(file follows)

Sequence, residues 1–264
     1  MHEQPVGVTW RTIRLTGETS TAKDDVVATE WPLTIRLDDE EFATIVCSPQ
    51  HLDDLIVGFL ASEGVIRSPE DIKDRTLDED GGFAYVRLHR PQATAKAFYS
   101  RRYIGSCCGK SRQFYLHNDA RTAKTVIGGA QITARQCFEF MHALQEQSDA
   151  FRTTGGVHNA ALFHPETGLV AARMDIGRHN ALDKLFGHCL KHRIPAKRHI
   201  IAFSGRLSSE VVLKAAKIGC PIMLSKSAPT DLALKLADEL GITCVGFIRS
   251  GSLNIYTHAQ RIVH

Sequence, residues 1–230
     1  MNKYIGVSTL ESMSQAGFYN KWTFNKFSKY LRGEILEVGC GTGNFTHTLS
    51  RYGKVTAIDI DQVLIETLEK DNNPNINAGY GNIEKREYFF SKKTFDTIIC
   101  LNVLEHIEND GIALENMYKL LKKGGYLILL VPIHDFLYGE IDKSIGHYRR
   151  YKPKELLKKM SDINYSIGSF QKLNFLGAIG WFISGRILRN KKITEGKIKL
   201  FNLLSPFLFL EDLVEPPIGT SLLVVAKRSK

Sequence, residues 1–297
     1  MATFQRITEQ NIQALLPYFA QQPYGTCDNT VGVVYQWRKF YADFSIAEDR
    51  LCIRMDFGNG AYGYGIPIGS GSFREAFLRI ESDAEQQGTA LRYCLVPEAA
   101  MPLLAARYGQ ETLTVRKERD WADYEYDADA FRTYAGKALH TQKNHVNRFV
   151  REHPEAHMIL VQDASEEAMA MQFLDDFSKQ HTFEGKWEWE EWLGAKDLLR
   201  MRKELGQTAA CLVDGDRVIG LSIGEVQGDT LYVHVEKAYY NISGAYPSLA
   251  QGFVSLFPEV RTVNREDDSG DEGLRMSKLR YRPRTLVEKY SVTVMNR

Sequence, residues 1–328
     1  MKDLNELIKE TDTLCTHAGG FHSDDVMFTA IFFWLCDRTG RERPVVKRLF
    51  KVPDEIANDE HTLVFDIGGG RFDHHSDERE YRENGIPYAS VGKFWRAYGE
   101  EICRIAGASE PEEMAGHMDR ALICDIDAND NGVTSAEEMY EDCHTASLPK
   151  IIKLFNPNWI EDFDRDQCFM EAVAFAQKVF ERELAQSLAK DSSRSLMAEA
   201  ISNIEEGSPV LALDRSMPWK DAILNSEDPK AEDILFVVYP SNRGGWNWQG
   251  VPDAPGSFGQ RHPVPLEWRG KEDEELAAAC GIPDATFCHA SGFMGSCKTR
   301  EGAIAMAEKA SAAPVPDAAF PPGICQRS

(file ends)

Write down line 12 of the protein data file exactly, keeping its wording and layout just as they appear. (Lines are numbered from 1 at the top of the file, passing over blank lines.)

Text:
   151  YKPKELLKKM SDINYSIGSF QKLNFLGAIG WFISGRILRN KKITEGKIKL